Blockchain: is it time for treasury to care?

By Bob Stark December 17, 2015

Blockchain is the trending term in banking and fintech. Almost daily, new startups are formed and industry veterans recruited to create a game-changing business proposition based on blockchain.

However, there are several questions that treasurers are asking: what is blockchain, what does it offer corporate finance, and is it time for treasurers to pay attention?

Blockchain is best known as the technology underlying bitcoin. Blockchain is what gives bitcoin its intriguing characteristics – the anonymity, the efficiency, the peer-to-peer communication, the independence from existing financial networks, etc. Everything we love about bitcoin is, in fact, why we love blockchain too.

Peer-to-peer payments

The most interesting – and disruptive – opportunity afforded by the application of blockchain technology into finance is the ability to securely and efficiently exchange data and messages without intermediaries, a.k.a. peer-to-peer. Payments via blockchain would be cheaper, direct to the party you are paying, and secure as the distributed ledgers that support blockchain transactions have proven to be impenetrable.

The financial community is just starting to get their hands around how to leverage blockchain. Banks and SWIFT arguably have the most to lose, as many of their fees rely on the necessity to use existing channels to initiate payments to individuals or organizations. Not surprisingly, banks and SWIFT are also taking steps to improve their own payment offerings, with SWIFT just announcing an initiative to enable banks with better payment delivery mechanisms for cross-border payments. SWIFT and its member banks look to offer same day use of funds, predictable fees, and complete transparency of payment delivery.

Despite such a welcome initiative, fintech vendors still have a fantastic opportunity to make serious inroads within the international payments space. Costs remain high for urgent cross-border payments and banks’ need for documentation (e.g. for OFAC compliance) can often delay payment delivery by days or more. These are obvious benefits.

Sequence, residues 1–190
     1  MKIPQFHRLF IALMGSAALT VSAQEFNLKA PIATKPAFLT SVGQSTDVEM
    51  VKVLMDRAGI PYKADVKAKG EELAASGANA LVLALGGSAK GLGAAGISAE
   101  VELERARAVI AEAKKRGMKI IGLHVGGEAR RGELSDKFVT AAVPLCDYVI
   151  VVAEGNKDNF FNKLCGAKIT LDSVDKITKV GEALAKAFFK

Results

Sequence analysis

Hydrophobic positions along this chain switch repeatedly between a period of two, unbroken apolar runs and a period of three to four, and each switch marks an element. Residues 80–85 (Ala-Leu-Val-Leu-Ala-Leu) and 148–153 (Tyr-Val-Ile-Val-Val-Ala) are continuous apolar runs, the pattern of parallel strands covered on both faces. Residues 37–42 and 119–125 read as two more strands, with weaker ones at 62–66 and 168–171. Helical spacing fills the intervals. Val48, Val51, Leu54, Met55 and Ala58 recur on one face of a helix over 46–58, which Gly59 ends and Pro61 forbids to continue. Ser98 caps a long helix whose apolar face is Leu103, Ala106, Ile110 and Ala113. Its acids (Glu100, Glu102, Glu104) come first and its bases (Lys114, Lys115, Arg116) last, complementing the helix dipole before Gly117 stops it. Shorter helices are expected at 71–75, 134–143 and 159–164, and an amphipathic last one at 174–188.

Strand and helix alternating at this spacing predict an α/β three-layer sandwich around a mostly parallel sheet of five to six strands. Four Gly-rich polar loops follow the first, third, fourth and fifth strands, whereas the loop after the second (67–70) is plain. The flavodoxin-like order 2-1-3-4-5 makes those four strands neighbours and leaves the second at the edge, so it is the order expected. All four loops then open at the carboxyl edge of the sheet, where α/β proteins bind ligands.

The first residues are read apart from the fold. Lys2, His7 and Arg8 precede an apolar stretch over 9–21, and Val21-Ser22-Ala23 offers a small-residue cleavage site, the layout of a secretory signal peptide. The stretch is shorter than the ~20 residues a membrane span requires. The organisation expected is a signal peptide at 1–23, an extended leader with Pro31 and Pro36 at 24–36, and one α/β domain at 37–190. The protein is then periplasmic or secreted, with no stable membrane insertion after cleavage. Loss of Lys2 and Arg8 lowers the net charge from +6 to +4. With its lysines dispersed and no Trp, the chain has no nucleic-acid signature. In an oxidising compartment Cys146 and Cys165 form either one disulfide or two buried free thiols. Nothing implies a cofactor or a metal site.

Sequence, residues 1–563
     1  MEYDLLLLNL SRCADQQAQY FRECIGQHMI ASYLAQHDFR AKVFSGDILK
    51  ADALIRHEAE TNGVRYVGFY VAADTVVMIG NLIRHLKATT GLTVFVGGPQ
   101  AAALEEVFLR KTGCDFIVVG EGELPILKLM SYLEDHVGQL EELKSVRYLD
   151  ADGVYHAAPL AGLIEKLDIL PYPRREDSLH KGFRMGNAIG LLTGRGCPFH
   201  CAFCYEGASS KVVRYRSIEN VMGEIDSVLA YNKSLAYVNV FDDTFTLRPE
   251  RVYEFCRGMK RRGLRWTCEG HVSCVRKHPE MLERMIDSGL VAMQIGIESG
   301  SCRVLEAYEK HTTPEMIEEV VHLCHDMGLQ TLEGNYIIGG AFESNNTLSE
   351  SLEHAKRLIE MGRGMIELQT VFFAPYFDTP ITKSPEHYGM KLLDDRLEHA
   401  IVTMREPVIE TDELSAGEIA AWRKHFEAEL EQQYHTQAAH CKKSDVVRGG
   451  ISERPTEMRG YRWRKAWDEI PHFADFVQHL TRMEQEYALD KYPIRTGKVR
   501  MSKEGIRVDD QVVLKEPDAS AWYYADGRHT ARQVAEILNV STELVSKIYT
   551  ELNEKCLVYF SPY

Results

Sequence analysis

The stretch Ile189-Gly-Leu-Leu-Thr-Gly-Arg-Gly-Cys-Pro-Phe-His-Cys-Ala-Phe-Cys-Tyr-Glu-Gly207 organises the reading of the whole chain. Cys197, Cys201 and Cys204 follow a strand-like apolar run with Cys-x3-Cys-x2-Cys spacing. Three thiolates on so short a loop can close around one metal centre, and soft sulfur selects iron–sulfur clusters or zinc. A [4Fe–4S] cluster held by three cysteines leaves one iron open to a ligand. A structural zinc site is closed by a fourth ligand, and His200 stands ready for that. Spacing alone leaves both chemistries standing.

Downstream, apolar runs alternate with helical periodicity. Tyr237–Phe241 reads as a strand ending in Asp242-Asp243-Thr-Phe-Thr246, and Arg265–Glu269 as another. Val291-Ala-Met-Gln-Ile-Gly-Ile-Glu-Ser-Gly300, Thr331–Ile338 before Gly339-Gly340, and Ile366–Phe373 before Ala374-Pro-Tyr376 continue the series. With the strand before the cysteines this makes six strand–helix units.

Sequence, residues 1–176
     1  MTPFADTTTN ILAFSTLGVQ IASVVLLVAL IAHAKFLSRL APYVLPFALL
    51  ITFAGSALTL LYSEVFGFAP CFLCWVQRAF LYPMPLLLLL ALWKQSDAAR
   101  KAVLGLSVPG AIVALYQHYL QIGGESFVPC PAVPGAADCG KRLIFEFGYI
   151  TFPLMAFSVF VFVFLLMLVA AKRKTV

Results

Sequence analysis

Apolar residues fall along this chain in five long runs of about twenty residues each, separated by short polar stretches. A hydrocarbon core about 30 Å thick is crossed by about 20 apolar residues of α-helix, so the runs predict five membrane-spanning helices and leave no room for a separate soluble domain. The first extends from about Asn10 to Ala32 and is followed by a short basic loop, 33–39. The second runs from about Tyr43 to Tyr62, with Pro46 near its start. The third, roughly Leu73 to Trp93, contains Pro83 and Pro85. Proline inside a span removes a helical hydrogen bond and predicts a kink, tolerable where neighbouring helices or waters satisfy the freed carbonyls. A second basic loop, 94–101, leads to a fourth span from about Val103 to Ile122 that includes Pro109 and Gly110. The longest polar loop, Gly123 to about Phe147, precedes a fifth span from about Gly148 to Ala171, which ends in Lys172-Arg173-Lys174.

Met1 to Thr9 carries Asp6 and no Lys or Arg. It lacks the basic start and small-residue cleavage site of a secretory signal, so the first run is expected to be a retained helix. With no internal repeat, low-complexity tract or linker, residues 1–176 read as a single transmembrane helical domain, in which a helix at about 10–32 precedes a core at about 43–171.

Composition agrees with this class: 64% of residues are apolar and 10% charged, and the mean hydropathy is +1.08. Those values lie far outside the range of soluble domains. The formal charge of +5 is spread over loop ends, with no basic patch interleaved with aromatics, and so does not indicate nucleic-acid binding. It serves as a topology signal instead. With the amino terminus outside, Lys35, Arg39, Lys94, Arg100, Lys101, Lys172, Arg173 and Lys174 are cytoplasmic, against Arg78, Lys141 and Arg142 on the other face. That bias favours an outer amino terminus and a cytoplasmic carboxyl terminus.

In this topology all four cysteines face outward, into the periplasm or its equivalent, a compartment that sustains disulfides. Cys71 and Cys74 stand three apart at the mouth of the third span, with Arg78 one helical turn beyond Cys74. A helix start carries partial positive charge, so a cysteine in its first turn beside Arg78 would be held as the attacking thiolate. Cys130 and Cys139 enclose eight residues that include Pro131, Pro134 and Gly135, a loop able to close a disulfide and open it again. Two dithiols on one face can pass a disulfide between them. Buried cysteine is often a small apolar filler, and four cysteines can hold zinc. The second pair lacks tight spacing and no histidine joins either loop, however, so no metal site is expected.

More than just lower costs

The real opportunity is what this increased payment efficiency offers for corporates who don’t move money enough today. So many treasurers have idle pockets of cash parked in multiple regions because it is prohibitively expensive and difficult to move money until a certain balance is built up. With blockchain, money will move more easily, lowering the costs and complexity of cash pooling. Idle cash in one region can be cheaply mobilized to where it is needed most or where it yields a higher return.

Coupling blockchain-enabled payment apps with virtual currencies, treasurers can also reduce foreign exchange costs – again, by reducing the role of expensive intermediaries. This not only lowers the cost of currency conversion (again, an obvious benefit) but more importantly offers easier translation into core currencies, minimizing the currency risk a treasurer must manage. This will be especially useful as corporates expand into new markets as they can bill in local currency but not be forced to take on additional currency risk for the business.

There are many other opportunities for blockchain in trade finance and remittance services which will interest others in the organization, making treasury a valued partner to leverage blockchain technologies for the company’s supply and customer chains.

Become a blockchain expert

Whoever the players, individuals and corporates who send payments, who exchange currencies, who remit documents to support a business transaction – they will see change and yield benefit as blockchain strives to eliminate the middleman and securely connect people/organizations looking to do business globally with greater efficiency and less cost.

So, is it time for CFOs and treasurers to care about blockchain? Not yet, but we are getting closer. In the meantime, it is a good opportunity first to educate yourself on blockchain technology and its impact, and then to establish yourself as an innovation leader. So, when blockchain does start to proliferate you are ready to lead your organization to achieve greater value.

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